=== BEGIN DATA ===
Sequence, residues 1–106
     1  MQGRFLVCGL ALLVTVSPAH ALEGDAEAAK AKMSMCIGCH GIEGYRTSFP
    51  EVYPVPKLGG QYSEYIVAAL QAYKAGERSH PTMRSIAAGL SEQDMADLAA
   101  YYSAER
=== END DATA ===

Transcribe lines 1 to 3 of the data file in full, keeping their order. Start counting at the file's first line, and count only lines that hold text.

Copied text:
Sequence, residues 1–106
     1  MQGRFLVCGL ALLVTVSPAH ALEGDAEAAK AKMSMCIGCH GIEGYRTSFP
    51  EVYPVPKLGG QYSEYIVAAL QAYKAGERSH PTMRSIAAGL SEQDMADLAA